The internet is what first introduced me to the concept of neopaganism as a nature based spirituality and not as the satanist caricature my catholic faith had raised me to believe it was. I did research, and began casting spells and observing the Wiccan Sabbats. Then I found information about druidry, in particular the path of the bard, and suddenly things began to make sense to me. Here was a neopagan path that put an emphasis on the spiritual as opposed to the magical, where storytelling was a major part of the faith, both in terms of learning ancient legends and creating new stories to teach new lessons. A nature based path that embraced scientific thought, because ancient druids were practitioners of Pythagorean mathematics, alchemy, and other predecessors of modern science.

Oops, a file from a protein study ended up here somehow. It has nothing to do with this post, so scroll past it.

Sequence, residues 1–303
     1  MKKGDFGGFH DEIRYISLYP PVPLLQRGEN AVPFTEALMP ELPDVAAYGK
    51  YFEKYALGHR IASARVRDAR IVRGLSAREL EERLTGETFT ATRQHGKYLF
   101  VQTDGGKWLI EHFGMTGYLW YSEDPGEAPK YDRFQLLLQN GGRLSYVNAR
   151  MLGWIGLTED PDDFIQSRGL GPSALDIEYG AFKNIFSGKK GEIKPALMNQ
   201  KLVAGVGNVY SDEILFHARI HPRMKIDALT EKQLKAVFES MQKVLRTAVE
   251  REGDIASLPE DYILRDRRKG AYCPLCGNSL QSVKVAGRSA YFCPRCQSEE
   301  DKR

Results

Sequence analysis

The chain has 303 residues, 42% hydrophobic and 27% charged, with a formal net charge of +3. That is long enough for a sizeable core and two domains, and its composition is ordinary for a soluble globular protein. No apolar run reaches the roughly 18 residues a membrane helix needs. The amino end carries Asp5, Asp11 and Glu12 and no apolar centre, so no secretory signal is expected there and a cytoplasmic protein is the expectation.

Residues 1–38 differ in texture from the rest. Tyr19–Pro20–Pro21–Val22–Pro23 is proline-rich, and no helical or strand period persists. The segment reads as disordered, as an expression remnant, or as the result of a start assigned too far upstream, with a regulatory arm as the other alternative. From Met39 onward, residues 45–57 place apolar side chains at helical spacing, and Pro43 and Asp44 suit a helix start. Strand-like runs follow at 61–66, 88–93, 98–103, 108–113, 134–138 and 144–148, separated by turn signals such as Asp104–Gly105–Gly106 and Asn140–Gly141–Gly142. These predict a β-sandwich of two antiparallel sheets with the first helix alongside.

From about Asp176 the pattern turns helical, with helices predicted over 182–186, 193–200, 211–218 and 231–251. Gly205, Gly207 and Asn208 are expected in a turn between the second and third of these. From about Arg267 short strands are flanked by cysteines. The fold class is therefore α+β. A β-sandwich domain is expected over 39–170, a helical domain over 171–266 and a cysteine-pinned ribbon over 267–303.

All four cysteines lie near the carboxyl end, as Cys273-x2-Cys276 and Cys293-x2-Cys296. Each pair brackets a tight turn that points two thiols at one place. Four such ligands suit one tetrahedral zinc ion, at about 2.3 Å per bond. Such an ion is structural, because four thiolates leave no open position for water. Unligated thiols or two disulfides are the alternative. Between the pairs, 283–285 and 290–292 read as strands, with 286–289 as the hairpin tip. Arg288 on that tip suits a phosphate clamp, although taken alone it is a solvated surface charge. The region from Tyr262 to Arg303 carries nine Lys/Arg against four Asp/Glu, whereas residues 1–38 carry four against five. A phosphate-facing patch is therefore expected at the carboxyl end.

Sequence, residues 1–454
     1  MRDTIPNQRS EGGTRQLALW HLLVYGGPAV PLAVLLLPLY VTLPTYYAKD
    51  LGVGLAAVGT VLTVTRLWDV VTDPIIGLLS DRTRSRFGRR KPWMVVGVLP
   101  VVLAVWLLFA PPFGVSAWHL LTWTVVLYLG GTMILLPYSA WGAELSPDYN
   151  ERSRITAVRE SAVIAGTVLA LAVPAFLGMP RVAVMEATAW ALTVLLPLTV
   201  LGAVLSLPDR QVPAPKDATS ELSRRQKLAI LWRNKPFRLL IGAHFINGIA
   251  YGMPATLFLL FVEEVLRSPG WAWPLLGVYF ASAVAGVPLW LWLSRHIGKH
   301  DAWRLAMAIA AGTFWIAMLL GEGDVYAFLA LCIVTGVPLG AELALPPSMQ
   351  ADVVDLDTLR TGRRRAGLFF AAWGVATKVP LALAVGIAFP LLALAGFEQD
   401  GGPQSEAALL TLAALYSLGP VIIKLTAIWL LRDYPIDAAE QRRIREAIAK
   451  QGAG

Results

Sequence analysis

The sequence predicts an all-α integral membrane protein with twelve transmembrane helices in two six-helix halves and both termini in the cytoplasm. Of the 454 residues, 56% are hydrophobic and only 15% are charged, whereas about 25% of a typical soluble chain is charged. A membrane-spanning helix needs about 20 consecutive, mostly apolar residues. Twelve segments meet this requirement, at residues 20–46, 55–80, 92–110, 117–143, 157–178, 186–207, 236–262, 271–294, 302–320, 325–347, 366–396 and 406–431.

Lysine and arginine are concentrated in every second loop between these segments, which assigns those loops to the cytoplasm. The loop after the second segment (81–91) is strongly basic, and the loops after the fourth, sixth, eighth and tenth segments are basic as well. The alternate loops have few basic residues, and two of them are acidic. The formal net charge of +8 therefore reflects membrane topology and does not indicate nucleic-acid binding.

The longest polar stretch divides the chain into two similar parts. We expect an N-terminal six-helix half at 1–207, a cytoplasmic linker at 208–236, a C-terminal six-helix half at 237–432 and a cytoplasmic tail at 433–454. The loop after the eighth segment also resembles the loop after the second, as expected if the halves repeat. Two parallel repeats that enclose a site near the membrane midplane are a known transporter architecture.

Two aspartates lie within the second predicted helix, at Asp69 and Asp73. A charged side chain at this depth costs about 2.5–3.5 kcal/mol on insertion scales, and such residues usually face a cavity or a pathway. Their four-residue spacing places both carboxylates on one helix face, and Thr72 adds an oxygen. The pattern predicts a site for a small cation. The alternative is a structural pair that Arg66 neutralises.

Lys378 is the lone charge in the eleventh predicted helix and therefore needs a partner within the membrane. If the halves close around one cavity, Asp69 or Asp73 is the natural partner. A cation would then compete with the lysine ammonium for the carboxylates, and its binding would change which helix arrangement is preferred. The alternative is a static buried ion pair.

Neopaganism is not without many flaws. Many neopagans embrace colonial ideas, and appropriate native practices. Druids are among them. Some practitioners actively discourage people of color from joining, and reinforce ideas about gender or sexuality that are heteronormative and transmisic. I am not one of those druids, but it is only because I have taken the time to deconstruct the narratives that surround the faith, and look into the validity of my sources.